Loco/a means “crazy,” and is usually used to playfully refer to someone in good humor—depending on the situation, of course.
If you’ve heard this one before, I’m guessing you’ve visited Mexico before, as it’s very common in Mexico and nearby countries.
It’s mainly used between male friends and can be compared to how “dude” is used in English.
Unfortunately, there isn’t a female counterpart for this word, and using vato to refer to a woman would probably get you some laughs or strange looks.
These next words aren’t as exclusive as the above. They’re often to refer to people who one may not know very well or even at all, and they can also be situational.
Meaning “poor little one,” this one is said lovingly to someone who has gained your sympathy. It’s often used to refer to someone who’s sick, busy, tired or in various other negative states of being.
Meaning “cute,” “cool” or generally “nice,” this term is used with people of all ages—but only in Spain and certain parts of Latin America. In other parts of Latin America, this can sound old-fashioned or negative. In the regions where it is used, chulo/a can be used to express interest in someone and when speaking casually with friends, children and others.
Translating to “pretty,” “good” or “nice,” this one isn’t reserved only for women as it is in the English language.
This word can also be used in exclamation. “¡Qué lindo(a)!” is said to compliment anything and anyone, much like “how pretty!” is used in English.
And there you have it. You’re now 20 times more charming!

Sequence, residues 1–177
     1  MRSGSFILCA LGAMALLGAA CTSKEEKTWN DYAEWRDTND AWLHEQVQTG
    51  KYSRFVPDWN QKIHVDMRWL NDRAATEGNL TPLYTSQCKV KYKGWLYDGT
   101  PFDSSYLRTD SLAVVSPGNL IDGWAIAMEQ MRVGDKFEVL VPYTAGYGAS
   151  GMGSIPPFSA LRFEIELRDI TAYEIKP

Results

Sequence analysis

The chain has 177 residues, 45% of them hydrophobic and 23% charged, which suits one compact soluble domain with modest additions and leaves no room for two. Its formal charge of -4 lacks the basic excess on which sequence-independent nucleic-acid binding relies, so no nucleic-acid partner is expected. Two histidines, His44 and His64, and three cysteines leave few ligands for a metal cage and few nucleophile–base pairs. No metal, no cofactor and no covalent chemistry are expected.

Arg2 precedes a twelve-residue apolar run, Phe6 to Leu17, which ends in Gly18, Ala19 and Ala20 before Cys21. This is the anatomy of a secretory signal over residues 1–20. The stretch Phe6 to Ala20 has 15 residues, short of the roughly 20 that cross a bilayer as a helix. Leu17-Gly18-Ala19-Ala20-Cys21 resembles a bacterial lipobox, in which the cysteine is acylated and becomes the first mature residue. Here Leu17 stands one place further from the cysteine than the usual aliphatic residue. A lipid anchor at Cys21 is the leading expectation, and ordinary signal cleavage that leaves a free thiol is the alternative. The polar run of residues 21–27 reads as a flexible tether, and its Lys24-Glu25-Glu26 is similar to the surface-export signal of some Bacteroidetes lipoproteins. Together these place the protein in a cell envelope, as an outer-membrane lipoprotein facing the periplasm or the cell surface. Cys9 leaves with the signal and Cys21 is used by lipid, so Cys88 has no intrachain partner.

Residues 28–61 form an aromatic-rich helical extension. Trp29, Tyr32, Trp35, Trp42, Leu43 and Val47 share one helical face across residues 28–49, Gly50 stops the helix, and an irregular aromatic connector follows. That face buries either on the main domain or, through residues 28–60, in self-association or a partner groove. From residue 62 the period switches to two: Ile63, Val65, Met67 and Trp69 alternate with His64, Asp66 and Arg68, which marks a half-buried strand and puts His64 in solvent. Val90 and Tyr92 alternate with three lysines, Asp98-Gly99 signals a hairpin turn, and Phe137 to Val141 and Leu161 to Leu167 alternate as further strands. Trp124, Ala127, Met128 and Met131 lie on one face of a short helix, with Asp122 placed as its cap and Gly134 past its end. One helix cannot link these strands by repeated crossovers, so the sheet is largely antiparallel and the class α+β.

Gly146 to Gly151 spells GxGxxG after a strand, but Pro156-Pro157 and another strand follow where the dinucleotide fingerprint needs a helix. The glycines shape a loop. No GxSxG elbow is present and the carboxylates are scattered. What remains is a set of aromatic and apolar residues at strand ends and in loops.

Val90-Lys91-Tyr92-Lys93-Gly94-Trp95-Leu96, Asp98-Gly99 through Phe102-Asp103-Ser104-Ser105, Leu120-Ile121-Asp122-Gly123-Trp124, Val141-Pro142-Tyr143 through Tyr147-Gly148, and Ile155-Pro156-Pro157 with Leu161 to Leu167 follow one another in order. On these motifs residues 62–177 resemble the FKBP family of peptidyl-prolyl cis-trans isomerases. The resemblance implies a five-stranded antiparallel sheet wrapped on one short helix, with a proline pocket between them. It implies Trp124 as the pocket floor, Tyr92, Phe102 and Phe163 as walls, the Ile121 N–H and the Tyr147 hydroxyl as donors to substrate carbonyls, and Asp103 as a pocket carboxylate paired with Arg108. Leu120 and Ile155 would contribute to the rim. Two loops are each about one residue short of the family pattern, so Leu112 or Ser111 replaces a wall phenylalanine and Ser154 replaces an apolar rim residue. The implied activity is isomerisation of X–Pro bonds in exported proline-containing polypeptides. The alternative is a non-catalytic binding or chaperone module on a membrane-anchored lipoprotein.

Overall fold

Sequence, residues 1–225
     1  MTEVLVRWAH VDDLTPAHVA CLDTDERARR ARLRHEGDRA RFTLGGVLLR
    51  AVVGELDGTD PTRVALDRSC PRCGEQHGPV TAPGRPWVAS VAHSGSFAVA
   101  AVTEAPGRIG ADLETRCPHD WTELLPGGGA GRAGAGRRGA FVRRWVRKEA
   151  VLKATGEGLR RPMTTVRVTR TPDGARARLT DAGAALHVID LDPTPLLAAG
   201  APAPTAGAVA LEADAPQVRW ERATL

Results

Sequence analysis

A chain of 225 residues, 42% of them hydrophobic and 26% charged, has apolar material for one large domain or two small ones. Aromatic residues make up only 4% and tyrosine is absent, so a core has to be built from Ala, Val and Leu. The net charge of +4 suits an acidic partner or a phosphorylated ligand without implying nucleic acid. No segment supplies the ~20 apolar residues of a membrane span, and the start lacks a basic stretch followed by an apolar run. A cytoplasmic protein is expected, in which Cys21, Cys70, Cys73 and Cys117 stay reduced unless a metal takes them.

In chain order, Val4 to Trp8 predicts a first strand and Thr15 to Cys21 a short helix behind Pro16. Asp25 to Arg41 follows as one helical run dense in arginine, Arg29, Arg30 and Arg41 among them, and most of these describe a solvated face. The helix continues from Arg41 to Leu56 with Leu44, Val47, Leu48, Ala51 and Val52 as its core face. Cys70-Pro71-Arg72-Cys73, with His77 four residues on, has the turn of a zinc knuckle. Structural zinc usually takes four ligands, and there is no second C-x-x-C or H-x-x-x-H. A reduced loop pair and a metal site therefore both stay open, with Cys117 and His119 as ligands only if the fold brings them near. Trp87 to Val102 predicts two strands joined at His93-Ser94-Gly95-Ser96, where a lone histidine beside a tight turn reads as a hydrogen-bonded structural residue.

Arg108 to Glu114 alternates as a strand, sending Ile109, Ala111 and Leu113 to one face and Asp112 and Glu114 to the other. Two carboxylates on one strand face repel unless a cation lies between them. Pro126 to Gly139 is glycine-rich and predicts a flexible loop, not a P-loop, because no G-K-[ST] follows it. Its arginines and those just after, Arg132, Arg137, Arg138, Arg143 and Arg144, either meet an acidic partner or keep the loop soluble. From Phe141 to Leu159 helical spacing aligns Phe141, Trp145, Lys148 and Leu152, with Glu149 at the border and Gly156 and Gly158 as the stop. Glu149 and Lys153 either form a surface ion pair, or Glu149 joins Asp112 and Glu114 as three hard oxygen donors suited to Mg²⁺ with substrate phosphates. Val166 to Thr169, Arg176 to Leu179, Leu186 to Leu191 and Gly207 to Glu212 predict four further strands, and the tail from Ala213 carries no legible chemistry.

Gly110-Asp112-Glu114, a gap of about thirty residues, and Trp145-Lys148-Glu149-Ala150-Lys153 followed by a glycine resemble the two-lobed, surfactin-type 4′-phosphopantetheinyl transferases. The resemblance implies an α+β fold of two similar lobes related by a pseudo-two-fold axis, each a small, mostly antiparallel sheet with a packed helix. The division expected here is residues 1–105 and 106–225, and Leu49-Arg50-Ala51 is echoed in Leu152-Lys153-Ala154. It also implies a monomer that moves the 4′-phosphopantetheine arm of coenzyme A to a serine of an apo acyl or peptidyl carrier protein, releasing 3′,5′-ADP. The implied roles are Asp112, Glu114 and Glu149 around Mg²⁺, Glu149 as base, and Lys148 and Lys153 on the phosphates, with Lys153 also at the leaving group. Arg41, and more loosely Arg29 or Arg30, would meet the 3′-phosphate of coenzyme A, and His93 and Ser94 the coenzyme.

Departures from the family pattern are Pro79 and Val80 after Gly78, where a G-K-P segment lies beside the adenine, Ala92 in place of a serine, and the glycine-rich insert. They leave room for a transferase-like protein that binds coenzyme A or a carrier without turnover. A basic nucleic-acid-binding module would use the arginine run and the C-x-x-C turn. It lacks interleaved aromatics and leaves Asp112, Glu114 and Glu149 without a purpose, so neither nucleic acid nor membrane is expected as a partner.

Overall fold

At least, most Spanish speakers will think so.
The first few terms of endearment on this list can be some of the most meaningful, as they’re usually reserved for a person that you’re intimate with, dating or married to. Usually, if used with someone you’re not dating or interested in, these could potentially send a mixed signal.
If you want to learn more about the Spanish romance culture, observing how natives use these terms for endearment or flirting with each other in general can give you a deeper understanding. But, if you’re not located in a Spanish-speaking country, you can find virtual ways to go about learning this cultural aspect.
Using authentic content like romance movies or shows can help you. You can look for these on Netflix, Amazon or your streaming service of choice. You can also use a program like FluentU, for example, to search for any of the terms on this list and see them in use. Plus, all of FluentU’s videos include interactive captions so you can learn more about any word or add them to your vocab list for later review.
But, if you do have the opportunity to visit a Spanish-speaking country, there’s no better way to dive into the culture of romance than to experience it for yourself. After reading this post, you’ll have plenty of new ways to call your newfound love!
So get out there and start being affectionate!